Chinese regulators urged ride-hailing giant Didi Chuxin to delay its $4.4 billion New York IPO to examine security concerns, advice the company did not heed, according to a report.
Didi was banned from app stores on Sunday by the Cyberspace Administration of China (CAC), and now faces a probe over unspecified national security issues, in a move that stoked fresh concerns about Beijing's crackdown on the country's tech sector.
The watchdog attempted weeks before the bumper initial public offering to dissuade Didi from going ahead with it and urged the firm to launch an internal security probe, the Wall Street Journal reported Monday, citing unnamed sources familiar with the matter.
But the industry giant -- dubbed China's Uber, with more than 15 million drivers serving nearly 500 million users -- went ahead with last week's listing, which was one of the biggest in the United States for a decade.
Officials were "wary of the ride-hailing company’s troves of data potentially falling into foreign hands" owing to public disclosure around the listing, the Journal's sources said.
Beijing's scrutiny of Didi is the latest move in a wider crackdown on major US-listed tech firms and was followed hours later by the announcement of a review of truck-hailing platform Full Truck Alliance and the owner of popular online recruitment site Boss Zhipin.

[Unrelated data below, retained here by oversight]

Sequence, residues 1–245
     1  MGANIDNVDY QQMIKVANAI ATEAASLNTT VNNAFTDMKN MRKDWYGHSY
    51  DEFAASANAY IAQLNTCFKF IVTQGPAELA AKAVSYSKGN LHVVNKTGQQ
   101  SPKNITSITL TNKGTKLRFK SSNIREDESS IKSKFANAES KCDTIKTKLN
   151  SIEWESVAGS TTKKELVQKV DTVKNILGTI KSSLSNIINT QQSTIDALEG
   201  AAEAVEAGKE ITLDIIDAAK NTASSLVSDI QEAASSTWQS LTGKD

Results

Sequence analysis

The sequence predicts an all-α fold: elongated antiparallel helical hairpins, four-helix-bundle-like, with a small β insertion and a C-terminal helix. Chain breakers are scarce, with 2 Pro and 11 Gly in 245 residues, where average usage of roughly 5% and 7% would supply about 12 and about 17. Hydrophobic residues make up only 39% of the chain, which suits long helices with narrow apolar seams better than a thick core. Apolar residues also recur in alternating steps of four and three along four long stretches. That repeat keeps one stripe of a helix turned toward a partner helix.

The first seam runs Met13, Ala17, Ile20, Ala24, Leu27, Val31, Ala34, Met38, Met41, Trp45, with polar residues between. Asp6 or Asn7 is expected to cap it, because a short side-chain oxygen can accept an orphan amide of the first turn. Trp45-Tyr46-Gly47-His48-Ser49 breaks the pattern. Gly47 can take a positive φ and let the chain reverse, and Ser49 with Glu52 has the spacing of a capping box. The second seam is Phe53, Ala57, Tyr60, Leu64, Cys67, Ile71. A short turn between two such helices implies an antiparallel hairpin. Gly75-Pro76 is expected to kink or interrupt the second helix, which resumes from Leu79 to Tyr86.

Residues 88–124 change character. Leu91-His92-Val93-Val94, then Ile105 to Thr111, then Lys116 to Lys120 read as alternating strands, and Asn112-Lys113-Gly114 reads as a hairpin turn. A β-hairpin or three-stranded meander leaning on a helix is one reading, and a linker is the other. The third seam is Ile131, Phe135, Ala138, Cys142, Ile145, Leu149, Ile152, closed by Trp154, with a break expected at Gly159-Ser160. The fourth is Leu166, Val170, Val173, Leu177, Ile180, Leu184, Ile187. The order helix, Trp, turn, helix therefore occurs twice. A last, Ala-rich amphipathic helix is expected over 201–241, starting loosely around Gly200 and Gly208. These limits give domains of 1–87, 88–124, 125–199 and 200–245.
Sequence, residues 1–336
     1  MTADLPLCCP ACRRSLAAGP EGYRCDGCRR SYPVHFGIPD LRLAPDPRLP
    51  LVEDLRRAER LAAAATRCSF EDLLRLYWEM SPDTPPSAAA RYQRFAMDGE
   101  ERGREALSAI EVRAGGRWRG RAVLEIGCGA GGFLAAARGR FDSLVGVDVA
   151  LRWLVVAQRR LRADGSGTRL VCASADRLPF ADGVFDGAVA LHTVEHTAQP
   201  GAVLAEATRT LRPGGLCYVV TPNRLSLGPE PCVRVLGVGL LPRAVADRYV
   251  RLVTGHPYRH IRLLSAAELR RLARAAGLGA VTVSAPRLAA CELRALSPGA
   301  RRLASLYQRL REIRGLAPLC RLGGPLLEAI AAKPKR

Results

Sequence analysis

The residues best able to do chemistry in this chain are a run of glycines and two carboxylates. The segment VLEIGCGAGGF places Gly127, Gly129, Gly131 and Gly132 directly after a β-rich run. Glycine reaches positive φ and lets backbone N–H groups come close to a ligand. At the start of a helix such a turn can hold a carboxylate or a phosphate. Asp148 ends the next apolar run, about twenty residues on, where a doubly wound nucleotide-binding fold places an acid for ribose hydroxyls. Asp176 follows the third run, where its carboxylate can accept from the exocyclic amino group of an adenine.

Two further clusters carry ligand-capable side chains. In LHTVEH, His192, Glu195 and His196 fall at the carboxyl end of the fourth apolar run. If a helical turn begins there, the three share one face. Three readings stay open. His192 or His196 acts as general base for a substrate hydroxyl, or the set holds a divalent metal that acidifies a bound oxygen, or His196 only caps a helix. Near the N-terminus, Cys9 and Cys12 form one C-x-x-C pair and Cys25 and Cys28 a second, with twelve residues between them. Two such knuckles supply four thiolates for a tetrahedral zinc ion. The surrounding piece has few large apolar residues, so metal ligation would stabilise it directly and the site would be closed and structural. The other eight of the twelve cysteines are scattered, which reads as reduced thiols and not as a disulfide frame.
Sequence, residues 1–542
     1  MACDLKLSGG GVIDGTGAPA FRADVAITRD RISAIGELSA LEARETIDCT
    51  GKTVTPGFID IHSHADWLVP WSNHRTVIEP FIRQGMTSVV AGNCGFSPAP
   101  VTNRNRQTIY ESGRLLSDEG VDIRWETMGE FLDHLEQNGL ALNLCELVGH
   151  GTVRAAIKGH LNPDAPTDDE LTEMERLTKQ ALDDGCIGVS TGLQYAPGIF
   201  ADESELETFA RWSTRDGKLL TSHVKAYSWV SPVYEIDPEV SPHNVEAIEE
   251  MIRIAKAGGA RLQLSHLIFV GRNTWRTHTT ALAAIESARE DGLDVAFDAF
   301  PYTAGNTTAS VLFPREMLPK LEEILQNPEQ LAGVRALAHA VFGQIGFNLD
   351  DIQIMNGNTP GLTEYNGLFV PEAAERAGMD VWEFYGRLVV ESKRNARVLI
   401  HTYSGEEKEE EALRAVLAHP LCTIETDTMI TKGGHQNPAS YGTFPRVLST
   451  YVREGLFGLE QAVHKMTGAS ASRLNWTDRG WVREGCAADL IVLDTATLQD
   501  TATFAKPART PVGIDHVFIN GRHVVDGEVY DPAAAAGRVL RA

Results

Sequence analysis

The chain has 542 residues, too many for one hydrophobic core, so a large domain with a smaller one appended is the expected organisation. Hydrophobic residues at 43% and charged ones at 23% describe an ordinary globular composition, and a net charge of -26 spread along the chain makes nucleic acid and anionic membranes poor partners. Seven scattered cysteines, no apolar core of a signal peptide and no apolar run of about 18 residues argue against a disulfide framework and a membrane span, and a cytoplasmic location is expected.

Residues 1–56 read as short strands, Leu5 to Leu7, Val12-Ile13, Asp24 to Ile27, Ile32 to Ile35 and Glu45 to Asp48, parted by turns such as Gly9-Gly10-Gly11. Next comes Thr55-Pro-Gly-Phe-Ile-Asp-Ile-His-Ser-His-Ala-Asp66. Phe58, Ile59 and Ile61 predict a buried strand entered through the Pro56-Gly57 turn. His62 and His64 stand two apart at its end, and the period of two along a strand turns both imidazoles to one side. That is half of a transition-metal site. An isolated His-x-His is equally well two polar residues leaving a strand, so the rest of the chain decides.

All three platforms were told by the CAC on Monday to stop registering new users "to prevent security risks to national data, safeguard national security and protect public interest".
While the CAC gave few details, Didi has pledged to rectify any problems and said the takedown "may have an adverse impact on its revenue in China".
The crackdown also comes at a time of heightened tensions between China and the United States, with technology and national security major points of friction.
The timing of the ruling on Didi, coming so soon after the listing, was met with surprise by some.
But Xiaomeng Lu, a senior analyst at political risk consultancy Eurasia Group, told Bloomberg News: "Beijing is not pleased to see its national champions cosying up to foreign stakeholders.
"It also wants tech companies to keep their core assets -- data and algorithms -- in China."